Intereconomics 2017 | 4
Macron a Game Changer for
The election of the youthful Emmanuel Macron as President of France has re-awakened
the hope that the European Union could ﬁ nally start moving forward again. Reforming the
euro area seems an obvious ﬁ rst step. However, this might be more difﬁ cult than com-
monly anticipated. Much has been made of the prospect of a new era of Franco-German
leadership. However, the German part of it is unlikely to change. Moreover, France and
Germany can only lead if other member states are prepared to follow. This might be much
less likely than widely assumed.
The ﬁ rst key element is thus that one half of the Franco-German “couple” has not
changed. Germany is likely to retain its chancellor after the elections later this year. More-
over, Germany’s interests and its perception of the EU’s problems have not changed.
This Franco-German discord was already visible a quarter of a century ago, when the
foundations for the euro were laid in the Maastricht Treaty. At the time, the main problem
was how to tame inﬂ ation. The German solution, supported by the consensus of the aca-
demic research, was to create an independent central bank and task it with maintaining
price stability. France was able to agree to this approach because it would get a seat on
the board of the proposed European Central Bank (ECB). To ensure that unstable public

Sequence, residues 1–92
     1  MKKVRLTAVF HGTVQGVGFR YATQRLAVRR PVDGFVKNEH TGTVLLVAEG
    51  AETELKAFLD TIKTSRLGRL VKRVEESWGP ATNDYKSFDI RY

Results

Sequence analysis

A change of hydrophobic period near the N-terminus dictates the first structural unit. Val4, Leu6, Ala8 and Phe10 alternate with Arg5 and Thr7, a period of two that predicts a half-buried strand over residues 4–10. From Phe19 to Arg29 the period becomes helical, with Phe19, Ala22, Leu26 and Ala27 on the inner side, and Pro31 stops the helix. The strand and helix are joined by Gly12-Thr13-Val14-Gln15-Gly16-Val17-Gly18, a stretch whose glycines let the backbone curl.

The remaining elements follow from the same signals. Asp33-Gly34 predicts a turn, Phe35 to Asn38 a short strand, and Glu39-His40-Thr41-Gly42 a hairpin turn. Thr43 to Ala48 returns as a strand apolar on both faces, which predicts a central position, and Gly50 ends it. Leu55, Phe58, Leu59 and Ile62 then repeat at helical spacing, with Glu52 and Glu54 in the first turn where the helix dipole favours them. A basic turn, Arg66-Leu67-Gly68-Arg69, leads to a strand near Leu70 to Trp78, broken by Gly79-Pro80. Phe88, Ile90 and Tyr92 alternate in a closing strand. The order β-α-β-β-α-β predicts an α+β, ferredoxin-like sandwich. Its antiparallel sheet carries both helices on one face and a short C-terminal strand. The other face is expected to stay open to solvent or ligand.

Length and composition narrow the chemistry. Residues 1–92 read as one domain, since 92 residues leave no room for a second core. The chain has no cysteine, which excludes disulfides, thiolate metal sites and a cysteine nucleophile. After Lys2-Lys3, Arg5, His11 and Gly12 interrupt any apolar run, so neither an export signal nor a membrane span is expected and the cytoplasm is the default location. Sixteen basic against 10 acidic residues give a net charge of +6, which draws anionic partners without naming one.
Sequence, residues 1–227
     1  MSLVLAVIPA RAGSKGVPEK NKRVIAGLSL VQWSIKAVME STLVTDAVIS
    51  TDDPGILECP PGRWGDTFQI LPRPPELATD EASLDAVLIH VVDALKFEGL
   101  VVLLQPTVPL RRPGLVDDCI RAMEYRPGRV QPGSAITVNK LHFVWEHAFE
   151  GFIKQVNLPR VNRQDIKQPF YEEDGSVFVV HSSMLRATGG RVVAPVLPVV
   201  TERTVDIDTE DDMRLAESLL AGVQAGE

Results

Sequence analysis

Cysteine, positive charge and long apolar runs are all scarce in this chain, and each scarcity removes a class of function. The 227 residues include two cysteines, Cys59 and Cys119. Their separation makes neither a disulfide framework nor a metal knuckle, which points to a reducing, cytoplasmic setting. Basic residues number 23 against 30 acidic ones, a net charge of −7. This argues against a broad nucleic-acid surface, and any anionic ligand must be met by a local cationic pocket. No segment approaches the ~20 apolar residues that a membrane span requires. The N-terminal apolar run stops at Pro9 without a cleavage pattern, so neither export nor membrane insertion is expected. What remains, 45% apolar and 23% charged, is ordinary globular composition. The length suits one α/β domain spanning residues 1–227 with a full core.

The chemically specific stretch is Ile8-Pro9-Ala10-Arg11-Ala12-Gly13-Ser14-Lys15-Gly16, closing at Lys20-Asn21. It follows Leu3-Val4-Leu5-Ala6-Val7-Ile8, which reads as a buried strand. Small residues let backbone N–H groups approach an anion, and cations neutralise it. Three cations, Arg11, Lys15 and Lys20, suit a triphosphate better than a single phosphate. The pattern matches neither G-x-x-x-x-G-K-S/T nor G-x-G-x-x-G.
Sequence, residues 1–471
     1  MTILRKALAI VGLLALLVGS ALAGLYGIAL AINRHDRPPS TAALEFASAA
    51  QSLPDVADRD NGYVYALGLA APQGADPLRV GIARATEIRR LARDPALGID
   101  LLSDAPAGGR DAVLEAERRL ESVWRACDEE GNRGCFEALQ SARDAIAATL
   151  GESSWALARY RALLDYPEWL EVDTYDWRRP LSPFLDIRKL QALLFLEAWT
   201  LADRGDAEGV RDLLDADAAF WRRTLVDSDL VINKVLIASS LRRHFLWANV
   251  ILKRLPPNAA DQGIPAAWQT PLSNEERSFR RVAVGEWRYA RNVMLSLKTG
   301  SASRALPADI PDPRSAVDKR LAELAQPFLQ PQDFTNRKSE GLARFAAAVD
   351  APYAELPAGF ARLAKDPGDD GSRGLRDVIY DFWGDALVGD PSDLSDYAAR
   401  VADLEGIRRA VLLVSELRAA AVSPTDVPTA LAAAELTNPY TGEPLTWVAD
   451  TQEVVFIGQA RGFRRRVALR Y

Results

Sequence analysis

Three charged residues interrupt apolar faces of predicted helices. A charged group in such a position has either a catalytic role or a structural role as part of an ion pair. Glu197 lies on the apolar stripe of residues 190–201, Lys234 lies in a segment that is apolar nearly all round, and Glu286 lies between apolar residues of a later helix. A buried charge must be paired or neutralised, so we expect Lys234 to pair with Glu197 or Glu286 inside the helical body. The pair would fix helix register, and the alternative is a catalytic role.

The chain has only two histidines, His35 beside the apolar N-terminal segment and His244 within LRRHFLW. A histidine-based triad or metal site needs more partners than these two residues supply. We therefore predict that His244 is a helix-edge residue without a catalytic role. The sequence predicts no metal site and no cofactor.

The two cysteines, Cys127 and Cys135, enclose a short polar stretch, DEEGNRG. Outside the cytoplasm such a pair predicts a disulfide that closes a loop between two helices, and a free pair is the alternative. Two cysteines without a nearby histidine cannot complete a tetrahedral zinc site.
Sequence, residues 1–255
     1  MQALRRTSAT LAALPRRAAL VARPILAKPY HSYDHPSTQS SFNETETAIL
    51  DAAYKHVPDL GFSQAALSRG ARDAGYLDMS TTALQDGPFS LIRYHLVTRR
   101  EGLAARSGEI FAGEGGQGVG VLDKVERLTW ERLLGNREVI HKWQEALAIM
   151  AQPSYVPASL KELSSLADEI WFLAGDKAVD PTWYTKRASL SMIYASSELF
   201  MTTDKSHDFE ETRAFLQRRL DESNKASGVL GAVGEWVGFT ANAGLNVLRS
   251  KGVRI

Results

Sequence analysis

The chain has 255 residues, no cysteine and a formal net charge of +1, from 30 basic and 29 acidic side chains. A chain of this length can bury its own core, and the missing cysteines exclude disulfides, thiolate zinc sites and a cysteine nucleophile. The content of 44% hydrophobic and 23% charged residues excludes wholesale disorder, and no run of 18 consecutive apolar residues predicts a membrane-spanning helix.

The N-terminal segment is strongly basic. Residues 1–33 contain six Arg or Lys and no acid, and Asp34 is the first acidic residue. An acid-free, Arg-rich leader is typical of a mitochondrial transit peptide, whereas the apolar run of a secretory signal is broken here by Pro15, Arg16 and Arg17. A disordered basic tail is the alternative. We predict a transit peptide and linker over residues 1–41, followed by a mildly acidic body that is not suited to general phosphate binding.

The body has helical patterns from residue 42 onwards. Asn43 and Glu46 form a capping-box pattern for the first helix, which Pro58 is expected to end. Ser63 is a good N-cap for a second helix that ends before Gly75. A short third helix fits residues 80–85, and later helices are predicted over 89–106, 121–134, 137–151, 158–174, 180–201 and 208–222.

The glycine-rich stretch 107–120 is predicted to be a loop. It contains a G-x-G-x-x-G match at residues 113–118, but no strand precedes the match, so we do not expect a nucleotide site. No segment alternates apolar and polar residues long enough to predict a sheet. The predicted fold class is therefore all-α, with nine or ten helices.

ﬁ nance would not create pressure on the ECB to conduct lax monetary policy, the Maas-
tricht Treaty also contained limits on deﬁ cits and debts, which were later enshrined in the
Stability and Growth Pact (SGP). These ﬁ scal rules appeared, at the time, to be of lim-
ited relevance for France, since French ﬁ scal policy had traditionally been quite prudent.
Moreover, the enforcement of the SGP was ultimately left to political decisions.
Today, the key issue is no longer high inﬂ ation, but rather ﬁ nancial stability. This is mostly
due to high levels of debt, meanwhile the ECB is ﬁ ghting to prevent inﬂ ation from remain-
ing too low. But there is no consensus on how best to maintain ﬁ nancial stability and
whether low inﬂ ation is really a problem. Germany, as a creditor, does not regard low
inﬂ ation as a major concern, and it would like to create a framework under which the
debtors will service their debt.
It is thus not a surprise that Germany has remained the champion of a rules-based sys-
tem which emphasises the need to keep deﬁ cits low and one’s house in order. France, on
the other hand, has different interests, and it sees the need for the state to have its hands
free to intervene when needed, which sometimes might justify deﬁ cits and bailouts in
order to prevent crisis. Moreover, France does not have the same creditor position as
Germany, and its relatively weak economy has resulted in continuing deﬁ cits and rising
public debt levels. Consequently, it is now much more difﬁ cult to ﬁ nd a grand bargain
between these two core nations of the EU.
That being said, both countries realise that maintaining ﬁ nancial stability is the primary
challenge facing the euro area. There is no longer any need for emergency action, as
ﬁ nancial market tensions have subsided, while the euro area economy is expanding as
employment returns to its pre-crisis peak. However, this calm might be only temporary,
due to the large bond-buying programme of the ECB. France, with its large banks, should
understand the urgent need to complete the banking union. Some Franco-German coop-
eration should thus be possible in this area.
Actually, the main impediment to the banking union is likely to lie elsewhere. The miss-
ing element of the banking union is deposit insurance, which remains a purely national